Architecture of the Microsoft Analytics Platform System

In today’s world of interconnected devices and broad access to more and more data, the ability to glean ambient insight from the variety of data sources has been made quite hard by the variety and speed with which data is being delivered. Think about it for a minute, your servers continue to provide interesting data to you about the operations happening in your business but now you have data coming to you from the temperature sensors in the A/C units, the power supplies and networking equipment in the data center that can be combined to show that spikes in temperature and traffic have a dramatic effect on the life of a server. This type of contextual data is growing to include larger and with more detailed insights into the operations and management of your business. As we look to the future, Pew Research has released a report that predicts 50 billion connected devices by 2025. That is 5 devices for every person expected to be alive. With data coming from sources like manufacturing equipment to jet airliners, from mobile phones to your scale, and to things we haven’t even imaged yet the question really because how do you take advantage of all of these data sources to provide insight into the current and future trends in your business.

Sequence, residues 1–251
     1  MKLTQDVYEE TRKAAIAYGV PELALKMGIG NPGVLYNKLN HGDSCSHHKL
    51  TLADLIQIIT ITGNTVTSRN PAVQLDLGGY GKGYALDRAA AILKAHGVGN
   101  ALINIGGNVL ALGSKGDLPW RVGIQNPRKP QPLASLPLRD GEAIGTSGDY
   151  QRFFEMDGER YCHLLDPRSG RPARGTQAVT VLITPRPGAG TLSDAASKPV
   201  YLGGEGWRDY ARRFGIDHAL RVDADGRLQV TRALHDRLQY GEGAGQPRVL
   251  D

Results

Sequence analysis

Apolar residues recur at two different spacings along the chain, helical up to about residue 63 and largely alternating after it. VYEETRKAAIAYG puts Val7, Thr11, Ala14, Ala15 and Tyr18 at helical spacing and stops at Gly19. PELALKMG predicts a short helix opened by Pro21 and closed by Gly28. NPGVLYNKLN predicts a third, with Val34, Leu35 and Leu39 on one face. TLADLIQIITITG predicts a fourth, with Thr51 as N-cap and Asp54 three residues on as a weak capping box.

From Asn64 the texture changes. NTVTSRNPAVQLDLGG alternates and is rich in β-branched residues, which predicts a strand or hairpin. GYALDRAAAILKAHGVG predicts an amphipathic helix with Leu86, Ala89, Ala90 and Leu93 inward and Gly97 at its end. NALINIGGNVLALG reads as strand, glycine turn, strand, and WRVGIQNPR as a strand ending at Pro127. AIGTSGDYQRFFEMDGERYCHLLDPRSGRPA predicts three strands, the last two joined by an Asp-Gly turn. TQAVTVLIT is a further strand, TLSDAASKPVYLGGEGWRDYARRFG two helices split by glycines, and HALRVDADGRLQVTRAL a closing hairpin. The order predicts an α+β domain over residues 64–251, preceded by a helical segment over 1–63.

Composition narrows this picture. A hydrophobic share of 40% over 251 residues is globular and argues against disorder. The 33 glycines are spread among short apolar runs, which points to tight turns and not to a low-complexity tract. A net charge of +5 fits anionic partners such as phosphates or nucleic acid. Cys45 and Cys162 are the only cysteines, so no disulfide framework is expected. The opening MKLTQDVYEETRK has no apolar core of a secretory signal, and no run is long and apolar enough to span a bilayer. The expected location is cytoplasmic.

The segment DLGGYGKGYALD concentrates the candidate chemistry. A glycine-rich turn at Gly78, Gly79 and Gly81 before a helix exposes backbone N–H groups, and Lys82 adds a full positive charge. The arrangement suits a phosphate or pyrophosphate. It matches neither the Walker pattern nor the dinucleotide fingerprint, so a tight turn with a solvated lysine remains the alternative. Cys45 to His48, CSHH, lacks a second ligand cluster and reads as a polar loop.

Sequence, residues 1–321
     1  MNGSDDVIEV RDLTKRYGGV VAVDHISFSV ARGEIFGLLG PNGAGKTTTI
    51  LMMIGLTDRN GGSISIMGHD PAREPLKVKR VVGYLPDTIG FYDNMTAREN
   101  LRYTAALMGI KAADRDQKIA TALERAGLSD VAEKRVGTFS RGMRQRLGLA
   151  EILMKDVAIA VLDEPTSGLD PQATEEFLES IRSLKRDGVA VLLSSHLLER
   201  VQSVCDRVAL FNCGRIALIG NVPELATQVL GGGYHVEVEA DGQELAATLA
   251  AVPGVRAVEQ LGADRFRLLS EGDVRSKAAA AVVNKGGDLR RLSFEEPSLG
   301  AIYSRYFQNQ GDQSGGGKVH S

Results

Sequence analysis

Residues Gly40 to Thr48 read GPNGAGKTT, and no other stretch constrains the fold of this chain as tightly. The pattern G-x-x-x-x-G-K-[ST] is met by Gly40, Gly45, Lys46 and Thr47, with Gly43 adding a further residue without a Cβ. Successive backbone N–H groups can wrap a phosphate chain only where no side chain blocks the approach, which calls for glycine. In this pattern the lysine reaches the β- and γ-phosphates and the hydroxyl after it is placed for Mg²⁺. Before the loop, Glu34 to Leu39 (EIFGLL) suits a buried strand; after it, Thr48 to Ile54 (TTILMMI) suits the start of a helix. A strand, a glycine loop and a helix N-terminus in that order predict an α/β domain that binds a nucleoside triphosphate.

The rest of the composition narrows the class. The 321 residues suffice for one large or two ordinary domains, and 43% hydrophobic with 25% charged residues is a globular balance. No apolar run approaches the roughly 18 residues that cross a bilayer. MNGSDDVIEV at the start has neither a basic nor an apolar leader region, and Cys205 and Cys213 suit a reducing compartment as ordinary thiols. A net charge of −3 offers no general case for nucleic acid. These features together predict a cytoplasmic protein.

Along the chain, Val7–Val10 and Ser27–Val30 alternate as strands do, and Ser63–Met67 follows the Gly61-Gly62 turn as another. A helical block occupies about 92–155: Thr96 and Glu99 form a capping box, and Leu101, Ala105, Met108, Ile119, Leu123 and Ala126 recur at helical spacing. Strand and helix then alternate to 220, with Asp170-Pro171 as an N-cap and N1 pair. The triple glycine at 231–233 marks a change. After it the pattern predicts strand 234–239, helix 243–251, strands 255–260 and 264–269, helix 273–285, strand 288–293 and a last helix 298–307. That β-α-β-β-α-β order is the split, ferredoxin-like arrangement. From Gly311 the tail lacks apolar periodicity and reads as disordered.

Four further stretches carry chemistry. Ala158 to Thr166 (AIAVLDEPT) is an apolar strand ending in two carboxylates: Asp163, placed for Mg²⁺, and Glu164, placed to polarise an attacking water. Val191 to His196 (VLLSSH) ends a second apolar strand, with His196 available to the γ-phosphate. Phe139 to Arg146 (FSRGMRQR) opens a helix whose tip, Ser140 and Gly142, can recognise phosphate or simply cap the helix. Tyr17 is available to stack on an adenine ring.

In April 2014, Microsoft announced the Analytics Platform System (APS) as Microsoft’s “Big Data in a Box” solution for addressing this question. APS is an appliance solution with hardware and software that is purpose built and pre-integrated to address the overwhelming variety of data while providing customers the opportunity to access this vast trove of data. The primary goal of APS is to enable the loading and querying of terabytes and even petabytes of data in a performant way using a Massively Parallel Processing version of Microsoft SQL Server (SQL Server PDW) and Microsoft’s Hadoop distribution, HDInsight, which is based off of the Hortonworks Data Platform.

Basic Design

An APS solution is comprised of three basic components:

  1. The hardware – the servers, storage, networking and racks.
  2. The fabric – the base software layer for operations within the appliance.
  3. The workloads – the individual workload types offering structured and unstructured data warehousing.

The Hardware

Utilizing commodity servers, storage, drives and networking devices from our three hardware partners (Dell, HP, and Quanta), Microsoft is able to offer a high performance scale out data warehouse solution that can grow to very large data sets while providing redundancy of each component to ensure high availability. Starting with standard servers and JBOD (Just a Bunch Of Disks) storage arrays, APS can grow from a simple 2 node and storage solution to 60 nodes. At scale, that means a warehouse that houses 720 cores, 14 TB of RAM, 6PB of raw storage and ultra-high speed networking using Ethernet and InfiniBand networks while offering the lowest price per terabyte of any data warehouse appliance on the market (Value Prism Consulting).